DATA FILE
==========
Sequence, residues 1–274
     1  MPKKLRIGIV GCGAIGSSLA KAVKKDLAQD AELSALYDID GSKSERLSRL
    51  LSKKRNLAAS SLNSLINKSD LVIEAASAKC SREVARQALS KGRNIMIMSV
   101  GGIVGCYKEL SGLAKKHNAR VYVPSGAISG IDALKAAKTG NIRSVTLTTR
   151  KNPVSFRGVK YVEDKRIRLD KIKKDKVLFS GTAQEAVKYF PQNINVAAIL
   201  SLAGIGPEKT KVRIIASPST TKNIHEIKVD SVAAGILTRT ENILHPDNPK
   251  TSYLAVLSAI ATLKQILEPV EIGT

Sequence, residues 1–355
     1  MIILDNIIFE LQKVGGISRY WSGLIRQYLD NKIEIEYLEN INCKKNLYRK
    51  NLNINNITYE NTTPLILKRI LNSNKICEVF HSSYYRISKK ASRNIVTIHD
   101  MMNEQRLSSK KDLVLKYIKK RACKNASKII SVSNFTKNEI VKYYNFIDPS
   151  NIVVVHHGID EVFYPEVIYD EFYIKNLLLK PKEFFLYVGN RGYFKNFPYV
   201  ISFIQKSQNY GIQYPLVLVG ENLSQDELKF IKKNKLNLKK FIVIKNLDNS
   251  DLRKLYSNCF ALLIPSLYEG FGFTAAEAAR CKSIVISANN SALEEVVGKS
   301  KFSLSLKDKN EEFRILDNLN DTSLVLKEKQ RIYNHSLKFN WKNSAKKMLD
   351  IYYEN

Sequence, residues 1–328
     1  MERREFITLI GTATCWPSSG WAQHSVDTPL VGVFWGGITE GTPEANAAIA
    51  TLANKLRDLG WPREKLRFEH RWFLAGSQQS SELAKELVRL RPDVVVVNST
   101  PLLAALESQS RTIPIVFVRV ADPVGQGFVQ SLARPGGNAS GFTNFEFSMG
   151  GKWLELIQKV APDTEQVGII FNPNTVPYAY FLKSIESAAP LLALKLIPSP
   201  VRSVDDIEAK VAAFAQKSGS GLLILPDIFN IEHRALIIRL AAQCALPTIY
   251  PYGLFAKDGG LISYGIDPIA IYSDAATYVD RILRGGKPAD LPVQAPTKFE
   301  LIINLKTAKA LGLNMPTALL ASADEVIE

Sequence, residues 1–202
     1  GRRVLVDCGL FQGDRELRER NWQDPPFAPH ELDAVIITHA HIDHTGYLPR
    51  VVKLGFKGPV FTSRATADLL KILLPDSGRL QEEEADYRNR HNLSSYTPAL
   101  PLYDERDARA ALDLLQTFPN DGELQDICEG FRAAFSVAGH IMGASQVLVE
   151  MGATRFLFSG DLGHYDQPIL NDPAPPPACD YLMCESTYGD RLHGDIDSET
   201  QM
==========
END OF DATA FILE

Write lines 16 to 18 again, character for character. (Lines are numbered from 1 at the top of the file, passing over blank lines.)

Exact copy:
   351  IYYEN

Sequence, residues 1–328
     1  MERREFITLI GTATCWPSSG WAQHSVDTPL VGVFWGGITE GTPEANAAIA